Hague tried to take over Norman’s co-leadership position but was rejected. Hague was one of  the Green’s best assets as a practical and hard worker who backed his principles but was prepared to work with anyone from any party or political leaning to try and achieve results.

Hague is now moving on to head Forest and Bird. So both he and Norman have moved on to environmental roles, and away from the Green Party.

Hague’s replacement will be next on the list, Barry Coates. He used to head Oxfam, and  aid organisation that has become more active in promoting social reform.

Coates has been leading anti-TPP protests in New Zealand. Social activism.

Norman’s replacement as co-leader, James Shaw, has not made a huge impression yet.

Greens’ other co-leader Metiria Turei has been involved in social activism for some time.

Greens could soften their radicalisation somewhat if they elevated Julie Anne Genter, but despite quiet rumours there is no solid sign of Turei stepping aside or down. Fortunately Genter at least looks to be a stayer at this stage.

While Greens do promote environmental issues such as clean rivers and climate change they appear to be moving more towards social activism with a strong socialist tinge.

Greens were ambitious last election so were disappointed not to increase their share of the vote in 2014, despite Labour’s weakening. They seem to have hit a Green ceiling.

This year they have entered into a Memorandum or Understanding with Labour so they can campaign as a combined Labour-Green ticket.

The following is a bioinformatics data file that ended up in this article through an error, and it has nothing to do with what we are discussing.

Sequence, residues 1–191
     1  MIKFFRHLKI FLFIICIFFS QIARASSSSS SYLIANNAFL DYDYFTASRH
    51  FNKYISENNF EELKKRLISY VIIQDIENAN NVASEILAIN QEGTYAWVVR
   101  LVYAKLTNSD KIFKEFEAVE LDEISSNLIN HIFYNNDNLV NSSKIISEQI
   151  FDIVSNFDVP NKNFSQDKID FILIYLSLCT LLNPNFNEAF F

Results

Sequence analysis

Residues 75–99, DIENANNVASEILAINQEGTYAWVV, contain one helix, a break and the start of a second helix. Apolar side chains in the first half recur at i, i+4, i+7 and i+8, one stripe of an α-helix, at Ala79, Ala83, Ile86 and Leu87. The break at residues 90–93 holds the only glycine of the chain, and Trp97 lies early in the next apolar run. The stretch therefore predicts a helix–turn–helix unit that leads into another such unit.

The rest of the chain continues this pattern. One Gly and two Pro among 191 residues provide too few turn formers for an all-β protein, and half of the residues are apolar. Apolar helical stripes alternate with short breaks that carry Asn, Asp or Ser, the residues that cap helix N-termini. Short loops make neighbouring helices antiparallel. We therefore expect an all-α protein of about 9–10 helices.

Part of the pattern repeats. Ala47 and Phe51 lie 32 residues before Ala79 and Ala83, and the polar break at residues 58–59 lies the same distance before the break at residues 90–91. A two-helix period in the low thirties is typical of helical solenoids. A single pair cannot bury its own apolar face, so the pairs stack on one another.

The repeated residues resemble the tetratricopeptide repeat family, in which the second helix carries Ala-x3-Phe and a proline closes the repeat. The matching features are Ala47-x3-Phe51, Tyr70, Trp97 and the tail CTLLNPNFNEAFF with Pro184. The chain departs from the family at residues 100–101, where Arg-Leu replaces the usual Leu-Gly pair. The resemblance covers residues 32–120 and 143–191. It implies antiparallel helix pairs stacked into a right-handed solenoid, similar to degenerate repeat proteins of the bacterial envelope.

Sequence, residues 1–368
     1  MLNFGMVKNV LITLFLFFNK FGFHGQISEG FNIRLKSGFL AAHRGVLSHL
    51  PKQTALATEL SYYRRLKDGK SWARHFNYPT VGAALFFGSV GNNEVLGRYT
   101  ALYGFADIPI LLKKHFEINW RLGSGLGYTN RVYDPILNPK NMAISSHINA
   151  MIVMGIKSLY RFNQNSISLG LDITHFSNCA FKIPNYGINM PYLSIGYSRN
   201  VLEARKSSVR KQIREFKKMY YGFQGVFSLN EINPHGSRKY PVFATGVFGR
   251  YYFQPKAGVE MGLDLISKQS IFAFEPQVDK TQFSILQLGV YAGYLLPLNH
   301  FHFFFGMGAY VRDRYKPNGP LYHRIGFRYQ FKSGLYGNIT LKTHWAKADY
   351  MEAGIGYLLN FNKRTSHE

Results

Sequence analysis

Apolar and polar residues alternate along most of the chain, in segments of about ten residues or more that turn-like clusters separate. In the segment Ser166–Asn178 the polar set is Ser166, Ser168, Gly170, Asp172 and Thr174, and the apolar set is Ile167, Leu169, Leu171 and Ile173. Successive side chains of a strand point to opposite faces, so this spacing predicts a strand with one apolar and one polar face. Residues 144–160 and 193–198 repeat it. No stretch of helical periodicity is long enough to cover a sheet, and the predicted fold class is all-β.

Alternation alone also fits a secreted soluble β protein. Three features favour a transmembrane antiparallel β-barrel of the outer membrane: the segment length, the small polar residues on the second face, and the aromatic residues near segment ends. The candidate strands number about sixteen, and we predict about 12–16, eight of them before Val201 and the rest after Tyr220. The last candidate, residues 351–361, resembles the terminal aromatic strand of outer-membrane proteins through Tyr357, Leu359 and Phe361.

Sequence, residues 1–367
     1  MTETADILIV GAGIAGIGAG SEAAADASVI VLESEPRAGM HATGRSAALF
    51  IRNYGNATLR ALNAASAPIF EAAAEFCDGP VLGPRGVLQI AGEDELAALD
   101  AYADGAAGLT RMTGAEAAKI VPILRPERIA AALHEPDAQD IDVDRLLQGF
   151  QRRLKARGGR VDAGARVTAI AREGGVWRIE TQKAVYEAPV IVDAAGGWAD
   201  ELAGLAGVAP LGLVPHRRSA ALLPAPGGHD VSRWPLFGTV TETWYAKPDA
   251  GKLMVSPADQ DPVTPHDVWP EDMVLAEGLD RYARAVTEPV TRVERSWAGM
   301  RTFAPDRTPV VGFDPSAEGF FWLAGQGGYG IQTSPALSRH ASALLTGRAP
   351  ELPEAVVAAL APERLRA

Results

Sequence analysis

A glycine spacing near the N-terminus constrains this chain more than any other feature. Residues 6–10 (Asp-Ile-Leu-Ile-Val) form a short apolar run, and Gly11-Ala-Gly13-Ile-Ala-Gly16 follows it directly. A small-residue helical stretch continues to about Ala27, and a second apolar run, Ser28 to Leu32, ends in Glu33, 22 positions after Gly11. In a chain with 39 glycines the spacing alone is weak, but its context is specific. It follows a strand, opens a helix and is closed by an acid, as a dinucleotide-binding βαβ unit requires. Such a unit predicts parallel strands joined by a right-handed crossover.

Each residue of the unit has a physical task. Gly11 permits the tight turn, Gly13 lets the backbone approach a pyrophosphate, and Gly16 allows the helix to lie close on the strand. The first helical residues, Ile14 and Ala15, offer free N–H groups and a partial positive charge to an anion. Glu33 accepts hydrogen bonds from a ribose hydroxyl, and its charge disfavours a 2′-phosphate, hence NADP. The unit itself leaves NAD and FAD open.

Labour under Andrew Little’s leadership also seem to be trying to move left and have also become more involved in social activism, promoting a number of petitions and joining the Greens in the homeless inquiry, and also appear in part at least to oppose the TPP.

With the growing radicalisation of the Greens and their closer association with a more radical Labour it’s no wonder Winston Peters sees growth potential for NZ First in the centre.

Greens and Labour may think their future lies in popular movements similar to Bernie Sanders in the US and Jeremy Corbyn in the UK but neither of them have succeeded yet beyond exciting a vocal minority.

While our next election is probably more than a year away Greens and Labour have tied their colours to the campaign mast – fairly red colours with a tinge of green. They either know something about the future intention of voters that isn’t apparent, or are taking a huge punt.

It’s probably about 50/50 whether National would need NZ First to form the next government. It’s closer to 90/10 that Labour+Greens would require NZ First.

A more radical Greens+Labour plus the determination of Peters to remain an unknown quantity will be a hard sell to voters. Add to that recent policy announcements on education and housing indicate an attempt to outdo Labour’s large spending promises and we could have a fairly radical option next year, versus National plodding along.